“It’s important because it will help us create a more responsive, more innovative and more local government, and that ultimately will end up being better for all of Californians,” said Roger Salazar, a spokesman for the campaign. “The idea … is to create six states with responsive local governments — states that are more representative and accountable to their constituents.”
Draper’s group says the division would create a more business-friendly environment, solve the state’s water issues and ease traffic congestion.
Earlier this year, Bowen gave the go-ahead for activists to start gathering signatures for the initiative. Their deadline for submitting them was July 18.
Perhaps the biggest obstacle facing Draper’s six-state scheme is that even if approved, it would be subject to passage by Congress.
“He’s got a pretty high bar to pass,” Corey Cook, director of the University of San Francisco’s Leo T. McCarthy Center for Public Service and the Common Good, told the San Jose Mercury News. “There’ll be a general skepticism of how dividing the state would improve it.”
Published: Monday, Jul. 14, 2014 – 1:04 pm
California’s two giant public pension funds today reported profits exceeding 18 percent on their investment portfolios for the just-ended fiscal year.
CalPERS said it earned 18.4 percent, marking the fourth time in five years it has earned double-digit investment returns.
CalSTRS clocked in at just under 18.7 percent. “These numbers are extraordinary and very encouraging,” said Sharon Hendricks, chair of the teachers’ pension fund’s investment committee, in a press release.
Both pension funds are still trying to recover from the crippling multibillion-dollar losses of 2008-09, when the financial markets crashed. Despite the healthy returns in the latest 12-month period, both funds remain “underfunded,” which means they don’t have assets to cover all of their long-term pension obligations.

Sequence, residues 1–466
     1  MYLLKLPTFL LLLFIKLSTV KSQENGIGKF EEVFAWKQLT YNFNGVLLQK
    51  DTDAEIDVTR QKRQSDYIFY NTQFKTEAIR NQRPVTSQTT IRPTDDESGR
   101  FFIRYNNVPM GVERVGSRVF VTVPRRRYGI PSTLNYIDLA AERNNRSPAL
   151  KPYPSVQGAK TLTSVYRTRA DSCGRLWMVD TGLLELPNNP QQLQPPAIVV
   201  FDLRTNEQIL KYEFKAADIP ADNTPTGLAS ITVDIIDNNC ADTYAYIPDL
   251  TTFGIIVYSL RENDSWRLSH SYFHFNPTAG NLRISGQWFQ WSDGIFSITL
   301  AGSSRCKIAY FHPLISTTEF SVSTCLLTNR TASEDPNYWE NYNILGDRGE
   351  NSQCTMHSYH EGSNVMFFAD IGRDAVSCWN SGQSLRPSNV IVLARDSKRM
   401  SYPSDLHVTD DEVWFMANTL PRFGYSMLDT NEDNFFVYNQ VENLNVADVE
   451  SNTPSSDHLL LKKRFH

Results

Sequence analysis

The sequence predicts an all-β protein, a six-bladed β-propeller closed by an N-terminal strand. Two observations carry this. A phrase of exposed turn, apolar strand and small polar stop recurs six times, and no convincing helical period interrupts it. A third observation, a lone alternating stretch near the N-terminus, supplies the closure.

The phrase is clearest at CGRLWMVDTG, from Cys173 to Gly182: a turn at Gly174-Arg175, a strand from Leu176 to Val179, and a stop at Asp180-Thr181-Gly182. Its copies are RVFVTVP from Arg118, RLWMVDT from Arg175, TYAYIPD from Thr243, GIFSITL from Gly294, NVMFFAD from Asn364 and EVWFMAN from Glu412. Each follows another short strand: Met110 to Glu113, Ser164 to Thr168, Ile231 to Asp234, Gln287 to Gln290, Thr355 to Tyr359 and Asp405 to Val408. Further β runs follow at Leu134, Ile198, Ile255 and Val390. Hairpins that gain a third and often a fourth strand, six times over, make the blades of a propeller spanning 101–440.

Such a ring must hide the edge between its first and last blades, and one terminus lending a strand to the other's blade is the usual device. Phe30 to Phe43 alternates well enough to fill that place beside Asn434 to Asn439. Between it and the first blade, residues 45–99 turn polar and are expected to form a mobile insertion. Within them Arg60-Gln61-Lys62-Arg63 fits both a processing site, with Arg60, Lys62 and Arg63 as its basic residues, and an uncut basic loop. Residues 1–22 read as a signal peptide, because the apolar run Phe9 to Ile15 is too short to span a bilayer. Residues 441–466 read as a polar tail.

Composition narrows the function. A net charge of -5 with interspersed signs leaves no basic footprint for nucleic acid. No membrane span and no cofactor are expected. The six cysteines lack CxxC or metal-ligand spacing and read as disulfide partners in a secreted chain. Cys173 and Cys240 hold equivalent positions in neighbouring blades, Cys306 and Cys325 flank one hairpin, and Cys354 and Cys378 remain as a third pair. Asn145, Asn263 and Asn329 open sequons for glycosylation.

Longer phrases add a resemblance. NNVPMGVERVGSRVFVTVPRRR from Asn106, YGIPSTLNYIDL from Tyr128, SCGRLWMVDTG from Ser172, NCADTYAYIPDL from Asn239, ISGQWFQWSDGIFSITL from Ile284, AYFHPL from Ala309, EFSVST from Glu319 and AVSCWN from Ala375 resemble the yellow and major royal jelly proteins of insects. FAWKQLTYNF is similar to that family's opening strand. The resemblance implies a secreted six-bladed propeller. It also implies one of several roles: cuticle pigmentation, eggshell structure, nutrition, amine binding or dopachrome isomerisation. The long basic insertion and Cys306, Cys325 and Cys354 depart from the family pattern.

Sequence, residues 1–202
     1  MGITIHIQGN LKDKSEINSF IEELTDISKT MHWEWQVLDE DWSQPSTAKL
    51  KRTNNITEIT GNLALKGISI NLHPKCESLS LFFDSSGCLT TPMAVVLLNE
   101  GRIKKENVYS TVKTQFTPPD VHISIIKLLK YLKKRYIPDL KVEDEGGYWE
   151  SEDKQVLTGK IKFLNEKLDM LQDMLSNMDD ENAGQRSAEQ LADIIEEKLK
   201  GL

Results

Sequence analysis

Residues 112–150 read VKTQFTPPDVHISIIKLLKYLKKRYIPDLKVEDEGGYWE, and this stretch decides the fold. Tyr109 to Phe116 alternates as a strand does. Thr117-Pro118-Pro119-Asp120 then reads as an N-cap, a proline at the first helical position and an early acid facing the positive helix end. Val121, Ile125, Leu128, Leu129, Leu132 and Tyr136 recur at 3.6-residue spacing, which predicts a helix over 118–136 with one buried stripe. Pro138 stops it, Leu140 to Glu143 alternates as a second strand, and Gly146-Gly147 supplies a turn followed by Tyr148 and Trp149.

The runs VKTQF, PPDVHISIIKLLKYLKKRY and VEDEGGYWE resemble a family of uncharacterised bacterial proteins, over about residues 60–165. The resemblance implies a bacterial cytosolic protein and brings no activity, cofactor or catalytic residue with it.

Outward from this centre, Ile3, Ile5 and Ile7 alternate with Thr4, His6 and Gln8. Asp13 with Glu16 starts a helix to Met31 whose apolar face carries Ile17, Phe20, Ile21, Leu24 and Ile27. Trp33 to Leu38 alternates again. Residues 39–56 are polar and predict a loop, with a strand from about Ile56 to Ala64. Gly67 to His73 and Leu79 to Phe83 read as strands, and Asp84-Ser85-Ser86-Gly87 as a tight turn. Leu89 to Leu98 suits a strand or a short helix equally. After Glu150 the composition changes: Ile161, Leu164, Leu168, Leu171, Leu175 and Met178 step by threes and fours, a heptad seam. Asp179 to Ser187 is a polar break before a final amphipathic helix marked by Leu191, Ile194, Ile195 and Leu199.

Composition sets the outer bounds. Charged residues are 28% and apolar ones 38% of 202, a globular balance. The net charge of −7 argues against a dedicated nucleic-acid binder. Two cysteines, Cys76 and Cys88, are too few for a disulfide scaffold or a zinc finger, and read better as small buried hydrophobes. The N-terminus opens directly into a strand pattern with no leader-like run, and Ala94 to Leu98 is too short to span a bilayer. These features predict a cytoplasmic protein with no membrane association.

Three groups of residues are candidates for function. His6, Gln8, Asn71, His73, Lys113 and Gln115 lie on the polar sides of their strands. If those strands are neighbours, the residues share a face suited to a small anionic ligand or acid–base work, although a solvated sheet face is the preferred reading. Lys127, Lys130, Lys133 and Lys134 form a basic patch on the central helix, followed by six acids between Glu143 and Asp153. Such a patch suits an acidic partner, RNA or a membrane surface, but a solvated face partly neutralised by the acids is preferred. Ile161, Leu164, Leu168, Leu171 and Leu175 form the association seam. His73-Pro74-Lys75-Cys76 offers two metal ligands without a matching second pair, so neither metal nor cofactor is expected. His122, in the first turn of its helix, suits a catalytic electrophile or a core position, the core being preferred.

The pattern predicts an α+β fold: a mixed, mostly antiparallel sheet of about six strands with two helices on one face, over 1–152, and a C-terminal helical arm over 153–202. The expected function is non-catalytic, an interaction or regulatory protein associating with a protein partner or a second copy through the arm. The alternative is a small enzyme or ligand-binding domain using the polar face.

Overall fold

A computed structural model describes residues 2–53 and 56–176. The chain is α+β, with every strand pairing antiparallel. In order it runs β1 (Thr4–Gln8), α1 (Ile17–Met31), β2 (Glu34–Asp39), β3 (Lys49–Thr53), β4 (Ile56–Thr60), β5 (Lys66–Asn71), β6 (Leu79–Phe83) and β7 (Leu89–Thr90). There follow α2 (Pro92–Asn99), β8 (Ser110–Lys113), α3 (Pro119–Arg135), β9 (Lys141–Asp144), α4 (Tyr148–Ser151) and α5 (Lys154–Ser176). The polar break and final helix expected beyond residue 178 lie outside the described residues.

“There’s much, much work to be done,” said Ted Eliopoulos, CalPERS’ interim chief investment officer, in a conference call with reporters. “We’re ever vigilant; we try not to get too excited in good years or bad years about one-year results.”
For the two funds, the 18 percent-plus gains were substantially higher than their official forecasts of 7.5 percent.
Despite the strong results, both pension funds are continuing to raise pension contribution rates. CalPERS in April approved the first in a series of rate increases to reflect longer life expectancies for retirees.
As for CalSTRS, the Legislature last month approved a financial rescue package that will gradually increase contributions by nearly $4 billion a year combined from the school districts, the state and teachers themselves. The teachers’ pension system, unlike CalPERS, doesn’t have the authority to raise rates on its own.
Both funds saw huge gains in stocks; CalSTRS public stocks rose by 24 percent and its private equity returns came to 26 percent. CalPERS’ public stocks increased 24.8 percent and its private equity 20 percent.
Over the years, the two funds have made major strides in recovering from the market crash. CalPERS’ portfolio sits at $299.4 billion, a gain of 83 percent from the low point of $164 billion in 2009. CalSTRS portfolio was at $189.1 billion as of June 30, the most recent figure available.
But because they spent several post-crash years with a much smaller pool of money to invest, they’ve been unable to keep pace with rising liabilities. For instance, CalPERS is just 76 percent funded.
Until the Legislature voted last month to raise contribution rates for CalSTRS, the teachers pension fund had warned that it would run out of cash in another 30 years or so.
Call The Bee’s Dale Kasler, . Follow him on Twitter @dakasler.
What happened to California?
You tube link is fixed!
Question Mark is a series of 20 questions about creating the State of Jefferson. Even if you are skeptical, the movement will give more attention to the fact that Northern California has inadequate representation in the California State Government.